This year we are surveying the Avon (pronounced A’an) intensively as part of the three year catchment rota. The Avon mainstem is too large to survey effectively by quantitative surveying so we used the same fry index survey technique as used on the Spey mainstem. The protocol is identical to that used in the Spey mainstem survey so the results will be directly comparable. As this technique has not been used on the Avon before the only benchmark are the Spey mainstem results
Today we completed 6 sites, 5 on the Avon and 1 in the lower Livet for comparison. Normally we would expect to do more sites using this type of survey but we needed to select suitable survey sites and access, plus we found a lot of fish! To aid site identification the river was split the river into 500m long sections numbered sequentially from the confluence upstream. There are 120 x 500m sections and we wanted a survey site approximately every 2.5km.
Our first site was opposite Ballindalloch Castle in the lower reaches. Ideally we want sites that will be resilient to a range of flows so that factor had a heavy bearing on our site selection.
The next site was upstream of the Ballindalloch Filling station next to the golf course. Here the substrate was coarser but it was very productive.
The Avon gillie Alan Thomson helped us with the site selection on the upper part of the Ballindalloch Estate water. The third site was below the Haugh Pool in Beat 3 (a lovely looking bit of water).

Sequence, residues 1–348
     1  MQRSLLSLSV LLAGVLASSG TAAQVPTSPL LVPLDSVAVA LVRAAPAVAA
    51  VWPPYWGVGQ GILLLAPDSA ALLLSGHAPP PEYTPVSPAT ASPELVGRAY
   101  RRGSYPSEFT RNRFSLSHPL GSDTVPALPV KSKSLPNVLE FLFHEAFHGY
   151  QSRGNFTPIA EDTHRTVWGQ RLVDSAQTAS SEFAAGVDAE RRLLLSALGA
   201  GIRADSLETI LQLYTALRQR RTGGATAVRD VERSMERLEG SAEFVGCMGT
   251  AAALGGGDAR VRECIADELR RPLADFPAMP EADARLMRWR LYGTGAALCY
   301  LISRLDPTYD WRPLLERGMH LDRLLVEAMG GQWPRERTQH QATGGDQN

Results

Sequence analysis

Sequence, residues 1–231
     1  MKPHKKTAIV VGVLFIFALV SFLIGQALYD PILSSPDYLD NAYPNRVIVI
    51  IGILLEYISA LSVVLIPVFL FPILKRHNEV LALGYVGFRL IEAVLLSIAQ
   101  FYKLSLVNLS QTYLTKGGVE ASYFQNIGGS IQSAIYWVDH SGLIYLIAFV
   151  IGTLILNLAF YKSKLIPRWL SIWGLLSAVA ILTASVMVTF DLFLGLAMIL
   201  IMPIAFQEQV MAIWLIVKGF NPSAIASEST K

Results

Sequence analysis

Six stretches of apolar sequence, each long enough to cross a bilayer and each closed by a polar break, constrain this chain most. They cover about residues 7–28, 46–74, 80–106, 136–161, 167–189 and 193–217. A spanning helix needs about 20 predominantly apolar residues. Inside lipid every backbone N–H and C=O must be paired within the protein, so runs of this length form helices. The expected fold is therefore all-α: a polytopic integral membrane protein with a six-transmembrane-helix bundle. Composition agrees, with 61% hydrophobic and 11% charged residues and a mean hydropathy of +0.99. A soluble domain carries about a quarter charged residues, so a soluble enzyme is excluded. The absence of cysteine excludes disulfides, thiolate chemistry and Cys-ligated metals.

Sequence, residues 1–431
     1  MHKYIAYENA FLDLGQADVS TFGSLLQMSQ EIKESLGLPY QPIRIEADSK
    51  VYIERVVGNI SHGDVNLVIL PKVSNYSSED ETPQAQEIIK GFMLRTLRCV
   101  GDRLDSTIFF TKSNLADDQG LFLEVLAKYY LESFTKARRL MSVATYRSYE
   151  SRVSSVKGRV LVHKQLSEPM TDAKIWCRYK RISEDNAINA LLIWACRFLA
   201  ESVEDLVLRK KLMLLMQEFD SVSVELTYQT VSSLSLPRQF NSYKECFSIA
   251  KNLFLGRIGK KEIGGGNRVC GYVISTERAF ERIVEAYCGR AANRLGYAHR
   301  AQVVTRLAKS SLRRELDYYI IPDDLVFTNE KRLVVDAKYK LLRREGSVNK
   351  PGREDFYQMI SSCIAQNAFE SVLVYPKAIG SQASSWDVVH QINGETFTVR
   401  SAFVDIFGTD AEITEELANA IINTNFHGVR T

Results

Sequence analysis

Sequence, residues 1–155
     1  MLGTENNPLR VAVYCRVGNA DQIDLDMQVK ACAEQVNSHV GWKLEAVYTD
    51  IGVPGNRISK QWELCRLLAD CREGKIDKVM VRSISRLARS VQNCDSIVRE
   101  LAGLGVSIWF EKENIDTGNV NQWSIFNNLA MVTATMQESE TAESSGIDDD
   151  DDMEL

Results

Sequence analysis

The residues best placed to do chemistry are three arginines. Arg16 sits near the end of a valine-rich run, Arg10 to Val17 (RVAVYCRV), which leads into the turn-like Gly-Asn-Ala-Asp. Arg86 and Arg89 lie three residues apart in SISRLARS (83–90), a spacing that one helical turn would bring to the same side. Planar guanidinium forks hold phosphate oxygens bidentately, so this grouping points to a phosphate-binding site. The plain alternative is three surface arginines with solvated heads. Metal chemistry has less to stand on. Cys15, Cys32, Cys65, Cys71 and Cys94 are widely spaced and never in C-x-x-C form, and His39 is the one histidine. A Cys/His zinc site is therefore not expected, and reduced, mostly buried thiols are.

The next site was the riffle between the Kelt Pool and Gray’s Run towards the upper end of the Ballindalloch Water.
On the way home we stopped where the bridge at Drumin crosses the lower Livet. I have often admired this river vista whilst traversing the bridge so it was a pleasure to complete a site in the warm sunshine just upstream of the road.
This was a very interesting day as we hadn’t used this survey technique before in the Avon. The mean salmon fry number from the 6 sites today was 147, and for salmon parr it was 43.8, really good results, although as noted above we don’t really have any benchmark from the Avon for comparison. The gradient of the Avon is much higher than the Spey and it appears to be almost universally good parr habitat. There are acres of habitat in the Avon similar to that which we surveyed today. We try to select representative habitat; it is clear from todays surveys that the lower Avon is currently supporting a large population of salmon parr.